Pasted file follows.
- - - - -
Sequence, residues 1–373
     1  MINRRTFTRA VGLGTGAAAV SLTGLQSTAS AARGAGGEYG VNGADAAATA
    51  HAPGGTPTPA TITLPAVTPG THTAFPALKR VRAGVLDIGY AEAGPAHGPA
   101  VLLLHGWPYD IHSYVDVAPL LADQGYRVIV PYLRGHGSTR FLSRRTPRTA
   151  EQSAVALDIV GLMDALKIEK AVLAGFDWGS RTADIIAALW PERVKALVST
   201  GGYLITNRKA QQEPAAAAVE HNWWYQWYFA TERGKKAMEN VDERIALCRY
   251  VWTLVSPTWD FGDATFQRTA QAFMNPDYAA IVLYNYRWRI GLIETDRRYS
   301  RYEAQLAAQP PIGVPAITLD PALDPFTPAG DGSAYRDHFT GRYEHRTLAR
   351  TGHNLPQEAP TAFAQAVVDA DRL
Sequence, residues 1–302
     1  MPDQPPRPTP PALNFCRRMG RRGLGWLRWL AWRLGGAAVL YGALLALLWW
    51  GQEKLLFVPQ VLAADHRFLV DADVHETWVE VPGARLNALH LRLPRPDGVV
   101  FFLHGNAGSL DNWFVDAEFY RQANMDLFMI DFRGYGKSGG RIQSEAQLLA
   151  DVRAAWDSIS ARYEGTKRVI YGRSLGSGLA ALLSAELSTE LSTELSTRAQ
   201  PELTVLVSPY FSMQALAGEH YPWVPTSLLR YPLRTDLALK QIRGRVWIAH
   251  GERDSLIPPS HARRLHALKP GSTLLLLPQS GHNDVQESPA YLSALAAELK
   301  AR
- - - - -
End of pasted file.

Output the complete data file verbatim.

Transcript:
Sequence, residues 1–373
     1  MINRRTFTRA VGLGTGAAAV SLTGLQSTAS AARGAGGEYG VNGADAAATA
    51  HAPGGTPTPA TITLPAVTPG THTAFPALKR VRAGVLDIGY AEAGPAHGPA
   101  VLLLHGWPYD IHSYVDVAPL LADQGYRVIV PYLRGHGSTR FLSRRTPRTA
   151  EQSAVALDIV GLMDALKIEK AVLAGFDWGS RTADIIAALW PERVKALVST
   201  GGYLITNRKA QQEPAAAAVE HNWWYQWYFA TERGKKAMEN VDERIALCRY
   251  VWTLVSPTWD FGDATFQRTA QAFMNPDYAA IVLYNYRWRI GLIETDRRYS
   301  RYEAQLAAQP PIGVPAITLD PALDPFTPAG DGSAYRDHFT GRYEHRTLAR
   351  TGHNLPQEAP TAFAQAVVDA DRL
Sequence, residues 1–302
     1  MPDQPPRPTP PALNFCRRMG RRGLGWLRWL AWRLGGAAVL YGALLALLWW
    51  GQEKLLFVPQ VLAADHRFLV DADVHETWVE VPGARLNALH LRLPRPDGVV
   101  FFLHGNAGSL DNWFVDAEFY RQANMDLFMI DFRGYGKSGG RIQSEAQLLA
   151  DVRAAWDSIS ARYEGTKRVI YGRSLGSGLA ALLSAELSTE LSTELSTRAQ
   201  PELTVLVSPY FSMQALAGEH YPWVPTSLLR YPLRTDLALK QIRGRVWIAH
   251  GERDSLIPPS HARRLHALKP GSTLLLLPQS GHNDVQESPA YLSALAAELK
   301  AR